Second, of course: taxation. We create an opportunity to tax a commodity that so many people are walking around using. We legalize and we tax it and we make sure that it’s good and pure and doesn’t have harmful additives. Number three is we create a whole other economy of people who can be certified to work in the industry as farmers on the agricultural side, on the dispensary side. There are a number of positive factors to come from it: criminal justice reform, economy, taxation; a huge advantage for the State of Louisiana.

Senator, your property on the West Bank has been cited for code violations related to blight for several years. You faced some recent criticism for failure to act on the property and personally cited the city’s complicated permitting process for the delays. Construction crews were around the site two days following a joint investigation with WWL. What do you say to critics who say you’ve only acted in response to the investigation, and what would you say to voters who questioned how seriously you want to take on blight in the district when you have had difficulties addressing it in your own property?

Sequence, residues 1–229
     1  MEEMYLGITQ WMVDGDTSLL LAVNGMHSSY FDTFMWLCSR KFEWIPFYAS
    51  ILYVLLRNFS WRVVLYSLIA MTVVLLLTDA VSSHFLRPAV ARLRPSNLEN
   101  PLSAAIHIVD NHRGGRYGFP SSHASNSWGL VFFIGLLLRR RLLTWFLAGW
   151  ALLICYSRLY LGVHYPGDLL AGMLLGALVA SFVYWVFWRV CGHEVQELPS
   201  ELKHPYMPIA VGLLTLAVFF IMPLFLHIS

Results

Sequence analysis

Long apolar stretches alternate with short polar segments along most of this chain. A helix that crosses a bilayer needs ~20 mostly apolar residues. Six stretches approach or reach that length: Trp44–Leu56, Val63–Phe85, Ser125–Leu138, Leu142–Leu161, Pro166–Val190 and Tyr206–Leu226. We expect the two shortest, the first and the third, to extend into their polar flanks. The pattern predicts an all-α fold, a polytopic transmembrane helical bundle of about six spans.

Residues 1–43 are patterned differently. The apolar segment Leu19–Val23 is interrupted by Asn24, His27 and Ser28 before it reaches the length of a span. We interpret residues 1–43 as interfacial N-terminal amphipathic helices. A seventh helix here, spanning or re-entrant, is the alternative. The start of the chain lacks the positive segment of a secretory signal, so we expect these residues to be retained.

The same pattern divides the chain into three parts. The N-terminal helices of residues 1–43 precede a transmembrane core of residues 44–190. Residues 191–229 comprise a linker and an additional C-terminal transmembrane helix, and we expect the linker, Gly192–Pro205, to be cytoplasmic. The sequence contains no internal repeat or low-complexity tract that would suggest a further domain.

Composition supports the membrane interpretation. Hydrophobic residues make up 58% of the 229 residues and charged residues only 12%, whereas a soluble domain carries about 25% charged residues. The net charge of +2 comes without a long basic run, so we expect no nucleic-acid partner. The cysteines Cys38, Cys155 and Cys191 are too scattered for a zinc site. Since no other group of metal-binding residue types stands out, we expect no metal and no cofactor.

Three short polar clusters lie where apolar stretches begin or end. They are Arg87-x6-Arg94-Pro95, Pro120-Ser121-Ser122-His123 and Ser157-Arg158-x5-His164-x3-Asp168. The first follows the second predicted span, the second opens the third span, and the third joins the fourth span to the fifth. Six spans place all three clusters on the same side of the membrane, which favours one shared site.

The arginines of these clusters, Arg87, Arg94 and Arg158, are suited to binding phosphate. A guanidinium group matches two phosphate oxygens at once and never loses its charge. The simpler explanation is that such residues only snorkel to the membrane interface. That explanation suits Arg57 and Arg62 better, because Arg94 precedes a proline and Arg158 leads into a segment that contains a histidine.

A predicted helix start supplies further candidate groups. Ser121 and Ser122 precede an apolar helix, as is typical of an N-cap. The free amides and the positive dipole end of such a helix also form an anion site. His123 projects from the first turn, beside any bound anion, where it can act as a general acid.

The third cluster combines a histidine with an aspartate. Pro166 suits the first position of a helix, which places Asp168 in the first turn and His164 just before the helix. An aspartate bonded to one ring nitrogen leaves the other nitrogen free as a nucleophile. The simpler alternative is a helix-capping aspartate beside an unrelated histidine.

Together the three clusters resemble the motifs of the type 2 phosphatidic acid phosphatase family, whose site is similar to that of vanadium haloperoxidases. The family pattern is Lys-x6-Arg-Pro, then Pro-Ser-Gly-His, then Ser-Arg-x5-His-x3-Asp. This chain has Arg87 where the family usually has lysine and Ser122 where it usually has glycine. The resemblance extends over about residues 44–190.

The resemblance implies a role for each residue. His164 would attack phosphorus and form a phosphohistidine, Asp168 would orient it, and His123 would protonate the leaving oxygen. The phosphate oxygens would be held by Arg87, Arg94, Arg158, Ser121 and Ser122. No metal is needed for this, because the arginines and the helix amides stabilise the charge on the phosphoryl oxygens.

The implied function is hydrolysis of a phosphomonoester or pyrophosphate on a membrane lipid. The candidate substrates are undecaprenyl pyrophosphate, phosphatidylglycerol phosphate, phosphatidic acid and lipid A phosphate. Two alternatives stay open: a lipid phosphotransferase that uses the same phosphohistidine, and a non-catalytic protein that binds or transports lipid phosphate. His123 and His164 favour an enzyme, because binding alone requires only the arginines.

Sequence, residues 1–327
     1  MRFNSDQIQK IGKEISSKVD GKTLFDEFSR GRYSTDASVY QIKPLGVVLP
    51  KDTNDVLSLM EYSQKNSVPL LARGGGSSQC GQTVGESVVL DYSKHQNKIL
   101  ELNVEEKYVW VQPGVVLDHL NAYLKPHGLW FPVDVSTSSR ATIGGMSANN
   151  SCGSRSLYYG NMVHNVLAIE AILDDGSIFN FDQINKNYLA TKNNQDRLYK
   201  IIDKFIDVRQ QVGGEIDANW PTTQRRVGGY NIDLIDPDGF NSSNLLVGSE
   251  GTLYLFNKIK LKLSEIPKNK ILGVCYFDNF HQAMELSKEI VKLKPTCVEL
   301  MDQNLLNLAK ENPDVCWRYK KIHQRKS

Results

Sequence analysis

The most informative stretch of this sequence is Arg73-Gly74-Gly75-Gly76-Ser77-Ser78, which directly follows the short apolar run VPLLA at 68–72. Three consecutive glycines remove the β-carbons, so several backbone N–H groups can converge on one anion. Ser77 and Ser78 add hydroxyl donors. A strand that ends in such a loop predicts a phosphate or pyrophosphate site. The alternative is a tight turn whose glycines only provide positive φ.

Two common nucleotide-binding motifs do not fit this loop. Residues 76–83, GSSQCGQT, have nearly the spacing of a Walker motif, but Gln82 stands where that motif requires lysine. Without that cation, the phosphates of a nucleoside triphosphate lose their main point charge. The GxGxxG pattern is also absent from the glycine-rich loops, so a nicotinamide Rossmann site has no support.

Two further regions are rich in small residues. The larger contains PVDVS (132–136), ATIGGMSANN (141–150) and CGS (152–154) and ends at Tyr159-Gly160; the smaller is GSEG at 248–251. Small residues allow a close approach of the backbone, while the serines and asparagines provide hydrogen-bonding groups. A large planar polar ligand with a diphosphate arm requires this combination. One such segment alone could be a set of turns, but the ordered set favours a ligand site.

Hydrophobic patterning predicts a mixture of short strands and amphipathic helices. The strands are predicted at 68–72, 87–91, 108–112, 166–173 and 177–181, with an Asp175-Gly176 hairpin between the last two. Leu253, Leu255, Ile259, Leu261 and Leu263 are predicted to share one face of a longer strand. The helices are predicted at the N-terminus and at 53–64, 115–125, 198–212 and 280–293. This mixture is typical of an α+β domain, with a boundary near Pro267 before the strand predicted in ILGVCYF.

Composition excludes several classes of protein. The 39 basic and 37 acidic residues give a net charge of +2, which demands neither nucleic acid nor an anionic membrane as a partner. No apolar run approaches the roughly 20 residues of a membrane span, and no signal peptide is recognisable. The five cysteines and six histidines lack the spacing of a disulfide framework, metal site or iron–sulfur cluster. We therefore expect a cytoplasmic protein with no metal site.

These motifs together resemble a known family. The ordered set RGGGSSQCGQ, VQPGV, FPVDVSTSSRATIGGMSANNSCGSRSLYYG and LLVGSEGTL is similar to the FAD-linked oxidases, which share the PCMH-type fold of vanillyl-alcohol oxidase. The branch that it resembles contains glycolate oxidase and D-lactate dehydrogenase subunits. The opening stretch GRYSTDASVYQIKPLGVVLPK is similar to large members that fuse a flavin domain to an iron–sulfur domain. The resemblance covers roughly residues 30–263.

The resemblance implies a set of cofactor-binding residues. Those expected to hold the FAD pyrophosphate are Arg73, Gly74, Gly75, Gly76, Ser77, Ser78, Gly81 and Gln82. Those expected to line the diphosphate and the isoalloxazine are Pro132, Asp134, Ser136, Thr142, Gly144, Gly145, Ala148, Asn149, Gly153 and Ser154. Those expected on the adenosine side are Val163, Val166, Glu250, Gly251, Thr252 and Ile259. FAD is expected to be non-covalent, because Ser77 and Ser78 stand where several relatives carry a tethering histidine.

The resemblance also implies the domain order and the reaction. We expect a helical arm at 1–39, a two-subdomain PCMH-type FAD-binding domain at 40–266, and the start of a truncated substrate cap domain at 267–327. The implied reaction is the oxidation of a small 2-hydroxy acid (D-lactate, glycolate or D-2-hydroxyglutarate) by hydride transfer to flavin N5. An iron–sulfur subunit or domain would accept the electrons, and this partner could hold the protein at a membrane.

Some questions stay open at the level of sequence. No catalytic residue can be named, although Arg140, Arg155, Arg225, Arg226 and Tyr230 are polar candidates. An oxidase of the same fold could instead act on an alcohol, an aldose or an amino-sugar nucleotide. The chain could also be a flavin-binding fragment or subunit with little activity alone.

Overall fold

Evan, my difficulty has been with the City of New Orleans. It has been with a dysfunctional Department of Safety and Permits. If you see, just recently, David Hammer with WWL did a huge expose on the dysfunction of Safety and Permits and the things that happened at Hard Rock Café, that’s happened all over the city. I am just one of many who have been caught in the switches of the issues in the dysfunction of that Department. I’d ask anyone who’s ever had to deal with Safety and Permits, HDLC, or any one of those agencies to tell you their experiences of what they’ve had to go through.